Slotting and grooving cutters, as well as just the arbors themselves, are usually supplied with a set of shims.

 
         
 

Washers

 
  Metal washers can be found above the nut on a slotting and grooving router cutter  

Single or multiple washers are also used with slotting and grooving cutters. They are made of plastic or metal and are usually placed in-between a groover or profile block and a guide bearing, however, they can also be found above the nut. 

 
         
  Diagram showing the location of the washer on a slotting and grooving router cutter  

When all the parts are in place and tightened, the washer will help to distribute the pressure over the parts evenly, so that they’re not sitting at a crooked angle to one another. This is especially important for the groovers and profile blocks.

 

Washers also protect the surface of groovers and profile blocks from being marked by bearing guides, and help to keep dust and waste chippings ejected by the cutter away from the guide, ensuring it turns smoothly.

 
         
 

Nuts

 
  A slotting and grooving router cutter that has been assembled and is ready for the nut to be tightened onto the arbor to secure everything into place  

For most slotting and grooving cutters, all parts are secured on the threaded section by a nut and washer.

 

The exceptions are arbors with an M12 thread, as these are designed to be used in conjunction with special groovers that have matching internal threads, allowing them to act as their own nut on the arbor spindle. 
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Wonkee Donkee reminds readers that bearings, washers and nuts are also found on regular router cutters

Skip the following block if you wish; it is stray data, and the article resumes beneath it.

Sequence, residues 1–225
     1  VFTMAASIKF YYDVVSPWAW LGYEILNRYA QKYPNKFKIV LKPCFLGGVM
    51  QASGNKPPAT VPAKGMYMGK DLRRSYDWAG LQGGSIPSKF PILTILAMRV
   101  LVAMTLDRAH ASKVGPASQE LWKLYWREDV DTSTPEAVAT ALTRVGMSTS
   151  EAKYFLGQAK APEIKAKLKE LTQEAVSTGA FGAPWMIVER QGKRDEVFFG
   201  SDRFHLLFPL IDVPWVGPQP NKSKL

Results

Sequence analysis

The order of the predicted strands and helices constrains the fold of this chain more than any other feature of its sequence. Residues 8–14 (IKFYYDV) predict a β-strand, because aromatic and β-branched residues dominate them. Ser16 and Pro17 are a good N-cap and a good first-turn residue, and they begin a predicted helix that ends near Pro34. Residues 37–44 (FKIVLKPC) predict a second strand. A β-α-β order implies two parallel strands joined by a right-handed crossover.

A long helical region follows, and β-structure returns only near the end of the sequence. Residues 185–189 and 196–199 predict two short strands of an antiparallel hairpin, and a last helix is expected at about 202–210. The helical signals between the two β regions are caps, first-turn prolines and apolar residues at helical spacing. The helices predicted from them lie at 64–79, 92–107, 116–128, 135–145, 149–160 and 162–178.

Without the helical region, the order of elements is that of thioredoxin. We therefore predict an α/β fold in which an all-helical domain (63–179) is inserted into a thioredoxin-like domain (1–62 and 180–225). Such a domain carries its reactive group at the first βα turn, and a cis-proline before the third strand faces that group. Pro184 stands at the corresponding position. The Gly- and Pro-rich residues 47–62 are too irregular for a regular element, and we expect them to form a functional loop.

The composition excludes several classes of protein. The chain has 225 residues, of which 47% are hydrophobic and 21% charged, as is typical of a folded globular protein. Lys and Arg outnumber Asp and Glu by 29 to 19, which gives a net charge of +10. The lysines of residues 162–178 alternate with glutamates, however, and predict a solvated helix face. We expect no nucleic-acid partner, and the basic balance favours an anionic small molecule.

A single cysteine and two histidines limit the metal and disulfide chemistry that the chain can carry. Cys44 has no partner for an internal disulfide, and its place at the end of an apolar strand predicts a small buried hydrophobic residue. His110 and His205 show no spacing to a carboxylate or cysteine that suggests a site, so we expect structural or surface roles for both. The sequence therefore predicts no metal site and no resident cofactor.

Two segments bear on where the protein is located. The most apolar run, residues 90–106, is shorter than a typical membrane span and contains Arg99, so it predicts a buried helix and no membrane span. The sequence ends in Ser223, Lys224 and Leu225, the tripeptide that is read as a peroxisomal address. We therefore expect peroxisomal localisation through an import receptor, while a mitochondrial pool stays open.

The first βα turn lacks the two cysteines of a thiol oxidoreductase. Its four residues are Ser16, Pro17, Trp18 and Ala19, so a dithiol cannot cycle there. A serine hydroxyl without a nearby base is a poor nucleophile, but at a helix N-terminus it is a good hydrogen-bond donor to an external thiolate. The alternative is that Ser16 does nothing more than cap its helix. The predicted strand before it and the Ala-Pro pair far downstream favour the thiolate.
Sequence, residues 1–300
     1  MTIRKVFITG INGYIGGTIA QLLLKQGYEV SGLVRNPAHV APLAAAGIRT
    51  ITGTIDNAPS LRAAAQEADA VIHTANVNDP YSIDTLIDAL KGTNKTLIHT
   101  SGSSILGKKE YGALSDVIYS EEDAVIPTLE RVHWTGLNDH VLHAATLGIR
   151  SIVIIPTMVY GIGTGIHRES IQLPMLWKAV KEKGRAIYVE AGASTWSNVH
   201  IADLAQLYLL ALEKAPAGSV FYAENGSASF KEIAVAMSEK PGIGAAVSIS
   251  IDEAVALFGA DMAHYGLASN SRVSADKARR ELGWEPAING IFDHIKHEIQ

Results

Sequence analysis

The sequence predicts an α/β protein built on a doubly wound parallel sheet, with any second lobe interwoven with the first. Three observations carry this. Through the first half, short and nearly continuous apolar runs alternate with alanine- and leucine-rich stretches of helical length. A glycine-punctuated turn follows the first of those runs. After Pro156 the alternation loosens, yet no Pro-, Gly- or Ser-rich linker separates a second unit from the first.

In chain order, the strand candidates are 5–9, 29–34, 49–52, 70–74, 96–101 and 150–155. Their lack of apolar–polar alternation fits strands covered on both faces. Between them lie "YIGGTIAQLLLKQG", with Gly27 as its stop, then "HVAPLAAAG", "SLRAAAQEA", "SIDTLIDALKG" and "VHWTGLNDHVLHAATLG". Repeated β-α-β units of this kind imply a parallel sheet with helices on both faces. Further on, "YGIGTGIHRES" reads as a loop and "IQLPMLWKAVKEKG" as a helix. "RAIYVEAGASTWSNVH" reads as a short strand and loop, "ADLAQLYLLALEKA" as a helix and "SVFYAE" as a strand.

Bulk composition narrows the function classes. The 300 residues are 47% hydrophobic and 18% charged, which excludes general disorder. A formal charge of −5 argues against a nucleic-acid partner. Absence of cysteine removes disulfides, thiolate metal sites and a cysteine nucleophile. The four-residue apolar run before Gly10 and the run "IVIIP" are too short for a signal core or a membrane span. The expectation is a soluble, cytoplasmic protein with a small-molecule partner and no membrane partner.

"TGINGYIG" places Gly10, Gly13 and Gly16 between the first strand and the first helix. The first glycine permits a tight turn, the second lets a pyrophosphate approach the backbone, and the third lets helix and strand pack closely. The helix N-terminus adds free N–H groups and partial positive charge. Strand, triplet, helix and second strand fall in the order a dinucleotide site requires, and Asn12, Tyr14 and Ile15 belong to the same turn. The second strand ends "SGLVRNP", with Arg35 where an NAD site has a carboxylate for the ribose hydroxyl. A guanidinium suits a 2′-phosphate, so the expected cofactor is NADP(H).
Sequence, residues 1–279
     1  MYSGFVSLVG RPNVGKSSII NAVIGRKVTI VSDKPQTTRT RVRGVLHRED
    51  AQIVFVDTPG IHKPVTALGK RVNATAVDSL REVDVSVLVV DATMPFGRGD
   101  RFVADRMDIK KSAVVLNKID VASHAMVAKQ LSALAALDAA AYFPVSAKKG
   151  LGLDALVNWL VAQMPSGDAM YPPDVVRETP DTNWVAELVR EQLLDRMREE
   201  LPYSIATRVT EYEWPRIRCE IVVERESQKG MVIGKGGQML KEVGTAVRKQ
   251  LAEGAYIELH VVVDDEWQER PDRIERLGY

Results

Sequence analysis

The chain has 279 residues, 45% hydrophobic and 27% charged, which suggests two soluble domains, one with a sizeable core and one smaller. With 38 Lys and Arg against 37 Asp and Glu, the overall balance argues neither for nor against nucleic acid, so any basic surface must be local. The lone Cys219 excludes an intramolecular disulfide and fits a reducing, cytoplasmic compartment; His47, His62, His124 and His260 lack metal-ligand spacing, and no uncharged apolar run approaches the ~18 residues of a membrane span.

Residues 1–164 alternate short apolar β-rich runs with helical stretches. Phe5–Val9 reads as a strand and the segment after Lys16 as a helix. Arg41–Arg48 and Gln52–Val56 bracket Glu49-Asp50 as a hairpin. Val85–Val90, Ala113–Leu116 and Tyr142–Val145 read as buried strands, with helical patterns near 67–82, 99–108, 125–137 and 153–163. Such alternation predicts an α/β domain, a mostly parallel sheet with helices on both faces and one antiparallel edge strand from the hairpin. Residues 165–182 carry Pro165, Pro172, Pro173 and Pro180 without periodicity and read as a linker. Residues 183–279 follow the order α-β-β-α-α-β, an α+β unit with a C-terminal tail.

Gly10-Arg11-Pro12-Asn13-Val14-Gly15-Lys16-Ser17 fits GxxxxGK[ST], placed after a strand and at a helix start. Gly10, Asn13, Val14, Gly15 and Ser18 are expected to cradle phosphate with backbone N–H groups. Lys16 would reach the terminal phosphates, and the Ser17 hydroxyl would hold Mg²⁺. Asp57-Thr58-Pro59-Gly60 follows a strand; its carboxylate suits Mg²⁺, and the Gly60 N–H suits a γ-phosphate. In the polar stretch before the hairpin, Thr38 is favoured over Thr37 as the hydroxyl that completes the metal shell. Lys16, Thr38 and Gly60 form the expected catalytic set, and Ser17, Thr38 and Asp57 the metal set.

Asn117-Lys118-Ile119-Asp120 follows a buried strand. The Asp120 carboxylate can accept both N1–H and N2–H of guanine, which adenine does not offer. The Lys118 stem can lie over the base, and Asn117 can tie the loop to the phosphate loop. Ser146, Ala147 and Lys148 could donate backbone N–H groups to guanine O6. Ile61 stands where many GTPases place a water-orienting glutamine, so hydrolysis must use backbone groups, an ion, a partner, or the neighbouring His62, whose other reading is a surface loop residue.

Tips for assembling slotting & grooving router cutters

         
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  A DIYer putting the nut onto a fully assembled slotting and grooving cutter  

The exact parts and order in which you assemble them on the arbor will vary depending on which cutter you are using and what type of cut you want to produce, so individual product instructions should be followed. 

 

However, there are some general tips that should apply when installing all slotting and grooving cutters:

 
         
 

Arbors

 
  Check the arbor for burrs or scratches  
  • Always assemble cutters with care, first checking that the arbor is free of burrs and scratches

 
         
 

Groovers and profile blocks

 
  Diagram showing the recommended location for a groover  
  •  To reduce the risk of flexing, always fit groovers as close to the shank end of the arbor as possible

 
         
  Diagram showing how to set up and check multiple groovers on a slotting and grooving router cutter  
  • Make sure that each groover is facing the correct way - against the rotation of the router

  • When using more than one groover, always offset each of them (i.e. two groovers on the arbor would be set at 90 degrees to each other, three at 60 degrees and so on) to reduce the impact force of the cut.

 
         
 

Bearing guides

 
  Preventing damage to slotting and grooving router cutter components using shims  
  • When fitting bearing guides, always use spacers or shims to prevent the tips of smaller diameter groovers from touching either the bearing case or adjacent groovers. This will help to prevent damage and will allow bearings to turn freely

 
         
 

Lock nuts

 
  Attaching a nut to the tip of a slotting and grooving router cutter  
  • Before tightening, check that the lock nut threads are clean and undamaged

     

  • Take care not to cross thread the lock nut before tightening it firmly. This will help to prevent the arbor turning in the cutter bore